“Mining is not done on the surface” – M.anifest reacts to fans saying he uses big English in his songs

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Ghanaian rapper M.anifest has recently sparked a conversation about the depth of his music with his response to fans who say he uses “big English” in his songs. In a recent interview, he explained that mining is not done on the surface, suggesting that his lyrics are layered and deep, and cannot be fully appreciated at a superficial level.

M.anifest, whose real name is Kwame Ametepee Tsikata, is known for his thought-provoking and lyrically dense music. His songs often touch on social and political issues, and he has earned a reputation as one of Ghana’s most intellectually stimulating artistes.

In response to criticism that his music is too complex, M.anifest offered the analogy of mining to explain his approach to songwriting. He compared his lyrics to a mine, suggesting that just as mining is not done on the surface, his music cannot be fully understood without delving deeper into the meanings behind the words.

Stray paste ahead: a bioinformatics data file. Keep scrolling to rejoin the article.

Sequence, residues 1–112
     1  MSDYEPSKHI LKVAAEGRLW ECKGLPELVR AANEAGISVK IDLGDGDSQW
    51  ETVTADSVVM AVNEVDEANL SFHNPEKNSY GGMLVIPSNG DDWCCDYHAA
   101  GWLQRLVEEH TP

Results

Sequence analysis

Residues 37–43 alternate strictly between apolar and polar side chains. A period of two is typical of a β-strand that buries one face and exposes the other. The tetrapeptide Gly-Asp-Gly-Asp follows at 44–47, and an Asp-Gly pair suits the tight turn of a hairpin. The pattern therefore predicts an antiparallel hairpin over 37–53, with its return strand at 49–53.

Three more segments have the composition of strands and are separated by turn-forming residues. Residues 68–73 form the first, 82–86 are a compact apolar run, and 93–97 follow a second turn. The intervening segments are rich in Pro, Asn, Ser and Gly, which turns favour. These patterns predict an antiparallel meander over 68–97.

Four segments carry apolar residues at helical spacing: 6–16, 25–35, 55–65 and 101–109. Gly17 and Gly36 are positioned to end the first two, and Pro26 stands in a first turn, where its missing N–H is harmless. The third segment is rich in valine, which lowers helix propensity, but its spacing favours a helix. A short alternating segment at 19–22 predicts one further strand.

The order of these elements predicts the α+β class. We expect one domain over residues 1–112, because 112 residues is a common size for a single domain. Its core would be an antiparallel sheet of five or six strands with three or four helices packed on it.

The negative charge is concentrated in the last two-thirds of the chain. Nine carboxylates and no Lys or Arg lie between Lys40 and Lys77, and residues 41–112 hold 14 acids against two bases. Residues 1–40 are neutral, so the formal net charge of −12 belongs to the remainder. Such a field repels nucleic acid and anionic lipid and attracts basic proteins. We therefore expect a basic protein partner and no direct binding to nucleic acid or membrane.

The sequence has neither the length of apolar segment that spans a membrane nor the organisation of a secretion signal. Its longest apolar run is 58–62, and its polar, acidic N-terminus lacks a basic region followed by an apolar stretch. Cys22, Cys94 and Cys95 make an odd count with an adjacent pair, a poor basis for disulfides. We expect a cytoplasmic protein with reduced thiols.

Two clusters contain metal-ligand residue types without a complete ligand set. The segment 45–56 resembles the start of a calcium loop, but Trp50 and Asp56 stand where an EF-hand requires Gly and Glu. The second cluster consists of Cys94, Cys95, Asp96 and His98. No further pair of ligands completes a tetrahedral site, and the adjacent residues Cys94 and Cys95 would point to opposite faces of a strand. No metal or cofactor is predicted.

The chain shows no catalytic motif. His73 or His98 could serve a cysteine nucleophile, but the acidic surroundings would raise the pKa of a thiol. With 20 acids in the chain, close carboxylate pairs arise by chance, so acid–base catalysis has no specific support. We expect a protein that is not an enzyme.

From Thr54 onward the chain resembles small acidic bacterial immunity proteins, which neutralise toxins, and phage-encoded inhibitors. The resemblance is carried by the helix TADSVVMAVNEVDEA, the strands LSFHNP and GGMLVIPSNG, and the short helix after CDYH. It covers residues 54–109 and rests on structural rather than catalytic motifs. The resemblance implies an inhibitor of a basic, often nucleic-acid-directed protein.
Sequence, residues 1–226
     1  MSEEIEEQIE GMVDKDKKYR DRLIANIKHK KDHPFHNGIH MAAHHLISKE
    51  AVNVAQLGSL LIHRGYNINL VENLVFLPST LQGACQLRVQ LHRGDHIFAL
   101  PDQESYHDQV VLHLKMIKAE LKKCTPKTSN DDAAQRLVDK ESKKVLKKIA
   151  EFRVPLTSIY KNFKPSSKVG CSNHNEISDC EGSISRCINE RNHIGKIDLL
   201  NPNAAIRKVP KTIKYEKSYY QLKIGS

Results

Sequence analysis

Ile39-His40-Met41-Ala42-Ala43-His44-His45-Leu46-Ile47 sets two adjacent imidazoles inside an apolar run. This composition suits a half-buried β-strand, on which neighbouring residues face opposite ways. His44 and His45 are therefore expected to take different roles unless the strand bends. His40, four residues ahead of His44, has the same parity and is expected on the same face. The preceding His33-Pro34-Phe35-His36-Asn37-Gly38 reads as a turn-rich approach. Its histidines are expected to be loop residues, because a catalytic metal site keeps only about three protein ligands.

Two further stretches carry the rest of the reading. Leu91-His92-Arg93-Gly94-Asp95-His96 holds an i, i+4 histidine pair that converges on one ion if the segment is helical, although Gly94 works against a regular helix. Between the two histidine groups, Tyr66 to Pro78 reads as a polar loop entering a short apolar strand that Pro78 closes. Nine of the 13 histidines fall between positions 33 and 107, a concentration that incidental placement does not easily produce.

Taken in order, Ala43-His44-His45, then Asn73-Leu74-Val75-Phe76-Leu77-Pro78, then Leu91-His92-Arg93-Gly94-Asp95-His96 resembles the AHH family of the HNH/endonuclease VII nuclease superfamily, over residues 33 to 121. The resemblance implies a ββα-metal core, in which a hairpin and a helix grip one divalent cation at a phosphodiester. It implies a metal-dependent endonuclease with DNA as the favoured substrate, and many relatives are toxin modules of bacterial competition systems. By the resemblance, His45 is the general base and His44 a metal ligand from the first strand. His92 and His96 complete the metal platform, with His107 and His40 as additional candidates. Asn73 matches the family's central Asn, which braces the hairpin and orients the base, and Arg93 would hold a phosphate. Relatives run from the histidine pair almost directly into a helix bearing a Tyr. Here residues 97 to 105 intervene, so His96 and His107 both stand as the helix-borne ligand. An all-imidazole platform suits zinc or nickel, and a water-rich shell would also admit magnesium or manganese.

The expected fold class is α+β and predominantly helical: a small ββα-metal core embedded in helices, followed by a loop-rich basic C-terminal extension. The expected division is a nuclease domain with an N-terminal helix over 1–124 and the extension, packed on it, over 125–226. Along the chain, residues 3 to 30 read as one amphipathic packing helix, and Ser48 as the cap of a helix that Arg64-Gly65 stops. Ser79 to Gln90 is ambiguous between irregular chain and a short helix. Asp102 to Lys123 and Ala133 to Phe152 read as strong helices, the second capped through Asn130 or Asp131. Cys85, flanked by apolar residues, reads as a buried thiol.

This powerful statement challenges the idea that music should be easily digestible and suggests that depth and complexity are essential elements of great art. M.anifest’s assertion is a reminder to fans and critics alike to take the time to explore and appreciate the layers of meaning in his music, rather than dismissing it as too intellectual or difficult to understand.

M.anifest’s message is especially significant in a time when music is often consumed and judged quickly, with little attention paid to the deeper layers of meaning and thought that artistes put into their work. His analogy encourages listeners to engage with music at a deeper level and to appreciate the artistry and craftsmanship that goes into creating it.

The rapper’s words also highlight the importance of intellectual stimulation in music. By challenging his fans to dig deeper into the meaning of his lyrics, M.anifest is encouraging a culture of critical thinking and reflection, which is an important and often overlooked aspect of music consumption.

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